Northern Michigan University has embarked on the second phase of developing an interim strategic plan that will provide an onramp for Northern's next president. Following NMU Board of Trustees' approval of the initial proposal presented in late April, steering committees representing faculty, staff and alumni are working over the summer to build action plans for five focus areas identified in the plan.
The committees' work will also improve the existing language to better define strategies, which are a collection of projects intended to achieve goals within each focus area; the tactics and associated metrics required to accomplish and monitor the strategies; and clear lines of responsibility for the tactics and strategies.
“I am so appreciative of the work of faculty and staff who continue to be significantly engaged in this critical process,” said President Kerri Schuiling, who will remain in the role until NMU completes the national search for her successor. “Their work makes clear who is responsible and accountable in moving each strategy forward to reach our goals.”
Jason Nicholas, assistant provost and director of Institutional Effectiveness, said nearly 60 people comprise the focus area steering committees that have been meeting weekly since May.
“The goal is to complete the action plans by the end of the summer and then post them on the president's strategic planning website,” Nicholas said. “From that point forward, the focus areas will be continually monitored and updates will be shared with leadership and the campus community on a regular basis.”
“The conversations coming out of this process are beneficial and allow everyone to see the breadth of work going on to support all of the important initiatives taking place at Northern. We wanted to make sure the initiatives are collected in a single source, not only so the campus community knows the university's priorities, but to inform the new president and other leadership positions. Steering committee members have remained committed into the summer and deserve high praise for their thoughtfulness and patience with the process. Without them, none of this happens.”
The five focus areas are:
¨New markets, New Supports: Identify new recruiting markets and develop new academic offerings to increase enrollment; and support students' mental and physical health.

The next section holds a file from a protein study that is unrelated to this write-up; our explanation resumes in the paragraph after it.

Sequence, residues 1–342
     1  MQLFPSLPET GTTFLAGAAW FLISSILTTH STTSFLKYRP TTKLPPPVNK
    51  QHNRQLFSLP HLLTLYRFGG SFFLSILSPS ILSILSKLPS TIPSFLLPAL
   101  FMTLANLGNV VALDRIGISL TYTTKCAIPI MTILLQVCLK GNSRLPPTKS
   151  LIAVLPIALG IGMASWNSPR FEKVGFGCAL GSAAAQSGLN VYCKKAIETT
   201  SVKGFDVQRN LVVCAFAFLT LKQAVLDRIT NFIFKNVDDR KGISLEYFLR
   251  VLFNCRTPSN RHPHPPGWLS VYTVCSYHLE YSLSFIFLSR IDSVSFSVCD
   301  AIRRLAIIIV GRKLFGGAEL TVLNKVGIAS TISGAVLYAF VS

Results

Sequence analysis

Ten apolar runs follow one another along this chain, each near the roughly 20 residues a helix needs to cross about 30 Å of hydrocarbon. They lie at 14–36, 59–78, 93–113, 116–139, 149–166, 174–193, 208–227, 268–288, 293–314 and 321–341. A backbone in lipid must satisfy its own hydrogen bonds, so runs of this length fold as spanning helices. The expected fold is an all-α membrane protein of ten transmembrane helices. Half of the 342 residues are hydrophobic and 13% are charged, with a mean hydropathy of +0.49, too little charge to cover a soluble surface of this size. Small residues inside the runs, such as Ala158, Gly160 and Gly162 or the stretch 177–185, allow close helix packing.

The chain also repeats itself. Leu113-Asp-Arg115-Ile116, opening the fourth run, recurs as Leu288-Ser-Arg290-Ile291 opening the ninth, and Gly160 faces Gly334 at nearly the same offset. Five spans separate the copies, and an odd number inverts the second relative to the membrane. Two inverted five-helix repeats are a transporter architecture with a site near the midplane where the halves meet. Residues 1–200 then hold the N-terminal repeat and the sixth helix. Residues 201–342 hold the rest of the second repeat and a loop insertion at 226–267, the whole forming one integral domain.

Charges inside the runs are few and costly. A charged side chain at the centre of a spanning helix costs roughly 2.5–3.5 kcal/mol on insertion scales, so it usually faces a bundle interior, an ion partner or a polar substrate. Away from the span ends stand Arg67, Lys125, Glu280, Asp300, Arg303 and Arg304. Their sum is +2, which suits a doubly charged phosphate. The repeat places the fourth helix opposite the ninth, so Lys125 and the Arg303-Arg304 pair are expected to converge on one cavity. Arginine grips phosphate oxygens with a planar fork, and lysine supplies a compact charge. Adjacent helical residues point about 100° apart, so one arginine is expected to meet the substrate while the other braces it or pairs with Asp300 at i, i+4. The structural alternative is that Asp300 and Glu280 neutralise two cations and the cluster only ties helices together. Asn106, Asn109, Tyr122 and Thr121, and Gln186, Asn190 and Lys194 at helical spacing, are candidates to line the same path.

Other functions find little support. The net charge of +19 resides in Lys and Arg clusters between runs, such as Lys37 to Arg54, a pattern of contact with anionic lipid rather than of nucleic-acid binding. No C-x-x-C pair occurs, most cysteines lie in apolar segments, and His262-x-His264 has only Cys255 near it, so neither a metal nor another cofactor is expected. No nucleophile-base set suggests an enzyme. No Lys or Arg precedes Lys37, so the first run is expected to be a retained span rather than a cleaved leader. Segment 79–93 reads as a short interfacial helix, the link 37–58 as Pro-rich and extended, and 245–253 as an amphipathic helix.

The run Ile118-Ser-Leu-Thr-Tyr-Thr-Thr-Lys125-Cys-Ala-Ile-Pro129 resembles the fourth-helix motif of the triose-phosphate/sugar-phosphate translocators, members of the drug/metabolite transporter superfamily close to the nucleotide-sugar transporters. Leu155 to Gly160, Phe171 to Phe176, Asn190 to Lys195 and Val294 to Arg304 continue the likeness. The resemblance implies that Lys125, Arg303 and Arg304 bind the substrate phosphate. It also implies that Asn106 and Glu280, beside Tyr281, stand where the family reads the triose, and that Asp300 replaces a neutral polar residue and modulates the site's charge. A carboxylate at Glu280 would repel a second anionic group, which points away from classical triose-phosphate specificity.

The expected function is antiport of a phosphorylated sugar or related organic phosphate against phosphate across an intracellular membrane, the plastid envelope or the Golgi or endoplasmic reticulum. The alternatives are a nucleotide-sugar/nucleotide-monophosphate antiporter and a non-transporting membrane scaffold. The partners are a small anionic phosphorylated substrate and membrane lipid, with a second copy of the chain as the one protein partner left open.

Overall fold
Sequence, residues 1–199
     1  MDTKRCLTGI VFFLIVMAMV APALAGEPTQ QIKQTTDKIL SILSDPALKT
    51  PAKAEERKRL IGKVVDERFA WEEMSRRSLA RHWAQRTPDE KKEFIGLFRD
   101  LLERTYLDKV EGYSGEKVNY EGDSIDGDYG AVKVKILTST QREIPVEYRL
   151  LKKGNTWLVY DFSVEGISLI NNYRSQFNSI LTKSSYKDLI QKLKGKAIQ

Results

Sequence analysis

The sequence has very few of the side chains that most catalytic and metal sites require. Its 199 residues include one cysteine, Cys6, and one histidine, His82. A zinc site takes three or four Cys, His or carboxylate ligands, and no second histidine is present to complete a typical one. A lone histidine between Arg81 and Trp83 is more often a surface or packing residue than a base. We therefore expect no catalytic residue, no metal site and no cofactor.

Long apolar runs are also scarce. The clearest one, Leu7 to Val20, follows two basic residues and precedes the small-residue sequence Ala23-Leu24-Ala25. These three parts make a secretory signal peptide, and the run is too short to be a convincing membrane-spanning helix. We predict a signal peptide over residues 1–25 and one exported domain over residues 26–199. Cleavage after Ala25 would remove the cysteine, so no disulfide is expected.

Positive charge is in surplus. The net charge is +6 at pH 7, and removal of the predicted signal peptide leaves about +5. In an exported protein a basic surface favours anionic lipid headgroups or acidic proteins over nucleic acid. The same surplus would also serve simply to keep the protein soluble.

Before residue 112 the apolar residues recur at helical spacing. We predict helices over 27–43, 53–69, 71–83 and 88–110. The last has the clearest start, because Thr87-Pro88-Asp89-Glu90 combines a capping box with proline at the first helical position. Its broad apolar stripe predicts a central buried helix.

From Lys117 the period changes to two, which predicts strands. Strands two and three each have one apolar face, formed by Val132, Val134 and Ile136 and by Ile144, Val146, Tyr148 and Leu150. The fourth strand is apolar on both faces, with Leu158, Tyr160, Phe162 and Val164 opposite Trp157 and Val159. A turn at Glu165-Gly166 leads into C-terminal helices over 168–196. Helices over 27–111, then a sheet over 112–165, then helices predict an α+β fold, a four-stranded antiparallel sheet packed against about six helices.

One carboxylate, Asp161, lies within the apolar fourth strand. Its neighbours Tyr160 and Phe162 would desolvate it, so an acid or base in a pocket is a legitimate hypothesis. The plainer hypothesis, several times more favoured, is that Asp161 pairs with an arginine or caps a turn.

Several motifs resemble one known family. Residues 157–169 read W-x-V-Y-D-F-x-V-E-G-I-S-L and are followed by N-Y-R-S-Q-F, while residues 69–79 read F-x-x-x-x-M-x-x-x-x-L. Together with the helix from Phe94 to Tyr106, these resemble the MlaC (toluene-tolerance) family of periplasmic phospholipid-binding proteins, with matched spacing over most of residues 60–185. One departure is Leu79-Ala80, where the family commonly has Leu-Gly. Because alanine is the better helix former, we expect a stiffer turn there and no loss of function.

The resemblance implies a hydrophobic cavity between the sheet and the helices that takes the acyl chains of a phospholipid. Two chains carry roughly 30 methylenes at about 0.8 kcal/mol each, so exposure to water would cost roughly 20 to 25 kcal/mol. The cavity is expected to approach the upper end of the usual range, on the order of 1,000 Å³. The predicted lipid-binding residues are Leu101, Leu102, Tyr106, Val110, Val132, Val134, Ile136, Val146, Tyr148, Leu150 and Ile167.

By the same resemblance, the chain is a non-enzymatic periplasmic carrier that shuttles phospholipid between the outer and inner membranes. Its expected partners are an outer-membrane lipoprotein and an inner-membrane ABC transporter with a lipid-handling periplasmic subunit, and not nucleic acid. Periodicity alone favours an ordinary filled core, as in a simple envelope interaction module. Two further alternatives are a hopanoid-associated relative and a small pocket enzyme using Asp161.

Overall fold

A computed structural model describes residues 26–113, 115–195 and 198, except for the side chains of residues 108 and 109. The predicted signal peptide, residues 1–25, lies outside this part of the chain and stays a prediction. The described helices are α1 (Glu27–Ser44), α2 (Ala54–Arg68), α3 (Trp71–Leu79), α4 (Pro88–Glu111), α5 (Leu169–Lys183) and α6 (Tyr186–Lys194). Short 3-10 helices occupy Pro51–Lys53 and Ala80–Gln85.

¨Diversity, Equity, Inclusion and Belonging: Create and embrace a university-wide, welcoming culture, recruit/retain students, faculty and staff of diverse backgrounds, and integrate diversity, equity and inclusion in academics.
¨Rural Roots: Leverage NMU's unique rural location and expertise to serve as a national leader of related learning and research, and as a resource for U.P. communities, businesses and residents.
¨Environmental Sustainability: Enhance and grow sustainability efforts and education throughout the planning, operations, education, research and service aspects of the university.
¨Emergency Focus Area, COVID-19: Ensure long-term emergency planning success by reflecting what NMU has learned during the pandemic.
"Overall, I believe the Interim Strategic Plan will be helpful to whomever becomes our next president, and it should make a notable difference in all five focus areas over the next two years,” said Professor Dwight Brady, a steering committee member. “Engaging in this process not only provided an opportunity to implement new strategies and tactics, it allowed us to have discussions regarding past initiatives like international recruitment and consider ways to improve in these areas. While the process was not perfect and can certainly be improved, the collaboration that took place between faculty, staff and members of the administration has created a good model to follow in future planning efforts."
NMU held engagement sessions in March to obtain feedback from faculty, staff and students on the first draft of the interim strategic plan before it was finalized and presented to the NMU Board of Trustees.
"This interim strategic plan is intended to cover 18-24 months; it's not meant to look out five or 10 years,” Nicholas said in a previous story. “Next-generation strategic planning is also something we are preparing for and we hope to have proposals ready for the new president on day one. We will tackle longer term planning priorities at that time.”
On a related note, Nicholas was selected through a competitive process to participate in the Society for College and University Planning's Emerging Leaders program. He will attend conferences at the beginning and end of his one-year commitment, and participate in monthly professional development covering topics related to strategic planning.